Altaaqa Global
Tel: +971 56 1749505

Sunday, July 24, 2016

This is a solution to Venezuela’s Electricity Crisis

Is Venezuela a victim of its own economic success?

The government has recently announced the shifting of Venezuela’s time by 30 minutes – an effort aimed at reducing the amount of electricity used for lighting. This is the latest of the drastic measures launched by the government to curb power consumption, which also included implementing load shedding for four hours a day across multiple states, enforcing leaves for public-sector employees for three days a week, closing of schools on Fridays, mandating malls and hotels to generate their own electricity for nine hours a day, and requiring heavy industries to cut electricity usage by 20% else they could face hefty fines.

Because of this scenario, there is tension between the government and the people. The people of Venezuela are calling for more than palliative solutions: They are clamoring for an urgent definitive resolution of the power crisis that has aggravated the country’s precarious economic situation. If the escalating tension is any indication, Venezuela will continue to reel from the effects of a deteriorating public security, social stability and economic viability, unless the severe power shortage is urgently redressed.

Electricity Minister Luis Motta looks at the massive Guri Dam, virtually dry because of the drought.
Courtesy Reuters.

How did things get so bad?

Venezuela heavily relies on hydroelectric power from the Guri Dam, which, according to estimates, provides more than 60% of the country’s electricity. While hydropower is usually a clean and reliable source of electricity, a prolonged drought or a persistent absence of rain can cause water levels in reservoirs to fall below what is necessary to spin the turbines in dams. This is what is happening to Venezuela in the face of the El NiƱo weather phenomenon. Reuters reported that in early April 2016, the water level at the Guri Dam is already at its historic low of 797 feet.

Countries that rely on hydroelectricity need a sufficient back-up power infrastructure that will support the supply of electricity when the water in reservoirs run dry. Unfortunately, Venezuela does not have one that can respond to its present electricity requirement. But, that is not to say that the country did not invest in its electrical infrastructure. In fact, according to Victor Silverman, historian at the Pomona College, in an interview published by www.wired.com, Venezuela invested around USD 10 billion in electrical generation under the presidency of Hugo Chavez. The problem, however, is that electricity consumption fast outstripped the available supply.

Courtesy Energy Information Administration

During the presidency of Chavez, Venezuela saw a notable decline in poverty, as the World Bank reports that the country decreased its poverty rate from 50% in 1998 to 30% in 2013. This meant that a great number of Venezuelans enjoyed an improvement in their standard of living, and an increased availability of money, which allowed them to purchase items that consume electricity, like TVs, refrigerators, air conditioners, and blow dryers, among others.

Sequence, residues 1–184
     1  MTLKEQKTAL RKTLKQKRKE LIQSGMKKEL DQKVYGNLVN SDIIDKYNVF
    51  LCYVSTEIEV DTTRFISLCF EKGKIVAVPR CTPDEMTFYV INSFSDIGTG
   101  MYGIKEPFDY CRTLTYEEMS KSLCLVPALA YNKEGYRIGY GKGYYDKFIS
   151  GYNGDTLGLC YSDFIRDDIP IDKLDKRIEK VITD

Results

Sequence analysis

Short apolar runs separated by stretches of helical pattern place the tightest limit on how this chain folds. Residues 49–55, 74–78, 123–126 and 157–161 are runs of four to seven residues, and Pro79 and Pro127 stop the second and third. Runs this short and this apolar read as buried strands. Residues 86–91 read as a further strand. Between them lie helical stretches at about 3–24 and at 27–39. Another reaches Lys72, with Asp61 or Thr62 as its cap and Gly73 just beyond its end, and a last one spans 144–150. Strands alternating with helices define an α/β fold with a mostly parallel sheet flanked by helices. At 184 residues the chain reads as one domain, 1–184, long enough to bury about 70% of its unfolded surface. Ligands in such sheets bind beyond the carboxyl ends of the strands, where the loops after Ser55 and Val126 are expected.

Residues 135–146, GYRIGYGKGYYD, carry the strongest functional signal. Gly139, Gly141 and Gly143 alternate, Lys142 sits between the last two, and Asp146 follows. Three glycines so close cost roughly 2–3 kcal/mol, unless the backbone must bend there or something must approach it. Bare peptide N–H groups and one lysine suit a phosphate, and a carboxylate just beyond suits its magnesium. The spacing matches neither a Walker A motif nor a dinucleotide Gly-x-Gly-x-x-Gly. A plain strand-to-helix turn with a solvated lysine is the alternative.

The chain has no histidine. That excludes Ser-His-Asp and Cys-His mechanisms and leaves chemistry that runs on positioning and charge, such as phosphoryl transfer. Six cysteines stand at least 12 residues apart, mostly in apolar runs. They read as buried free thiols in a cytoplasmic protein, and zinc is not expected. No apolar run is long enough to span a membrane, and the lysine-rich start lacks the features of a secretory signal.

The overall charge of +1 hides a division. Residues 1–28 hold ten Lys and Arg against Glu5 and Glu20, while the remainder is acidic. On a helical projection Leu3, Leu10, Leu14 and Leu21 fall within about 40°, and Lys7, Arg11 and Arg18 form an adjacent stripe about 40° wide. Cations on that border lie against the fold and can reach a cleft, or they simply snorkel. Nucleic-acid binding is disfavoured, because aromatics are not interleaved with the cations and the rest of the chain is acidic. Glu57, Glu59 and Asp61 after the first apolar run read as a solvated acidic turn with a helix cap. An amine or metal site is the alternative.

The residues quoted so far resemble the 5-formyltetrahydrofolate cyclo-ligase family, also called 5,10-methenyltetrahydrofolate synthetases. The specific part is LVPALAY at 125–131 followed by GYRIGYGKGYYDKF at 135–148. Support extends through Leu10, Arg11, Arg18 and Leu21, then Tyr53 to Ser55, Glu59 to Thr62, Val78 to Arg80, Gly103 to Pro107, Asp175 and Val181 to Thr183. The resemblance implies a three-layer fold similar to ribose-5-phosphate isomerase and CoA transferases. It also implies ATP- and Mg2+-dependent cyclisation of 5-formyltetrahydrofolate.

During that time, Venezuela, which has one of the world’s largest oil reserves, was also reaping the economic advantages of high oil prices. Wired reports that the country channeled the revenue from oil exports into social programs that improved the quality of life of its citizens. Not only did the government made healthcare and food more affordable, it subsidized fuel and electricity, and froze power rates. This prompted Venezuelans to consume electricity at a higher rate compared to other countries in Latin America.

Numbers from the US Energy Information Administration supports this: Between 2003 and 2012, Venezuela’s electricity consumption increased by 49%, largely owing to the economic and social improvement under the presidency of Chavez. However, installed capacity expanded by only 28%. This wide disparity took a toll on the country’s power grid.

The drought of 2009-2010 caused the water level at the Guri Dam to nosedive. According to www.vox.com, what ensued was a power shortage that forced to government to implement rolling blackouts, forced holidays and fines for heavy electricity users, like businesses, factories and mines. In the months after, added Vox, the government spent USD 1.5 billion to procure and install back-up generators throughout the country. But, owing to a lack of maintenance, the supplemental generators were not properly utilized, leaving the country’s transmission lines overburdened and unable to handle major electricity fluctuations.

Analysts say that the electricity crisis in Venezuela was never genuinely resolved from that point on. Further blackouts hit the country from 2012 to the present, and the people of Venezuela are losing hope of ever seeing an end in sight.

How can the power crisis be resolved?

Quoting energy experts, to provide a long-term resolution to Venezuela’s power crisis, the country needs to upgrade its existing dams, install reliable sources of back-up power plants in times of drought and prolonged low-rain seasons, and refurbish its transmission and distribution grid. This can be achieved through a well-executed investment plan, which requires a sizeable amount of financial resources and a competent oversight.

Unfortunately for Venezuela, the country’s economy has been severely hit by the collapse in oil prices over the past few years.  The days of buoyant revenues from oil exports have sailed, and now the government finds itself cash-strapped and deeper into debt. The country is now struggling with food shortages, and scarcity of basic goods and medicines, and with the prevailing power crisis, analysts predict that the country’s economy will deteriorate even further.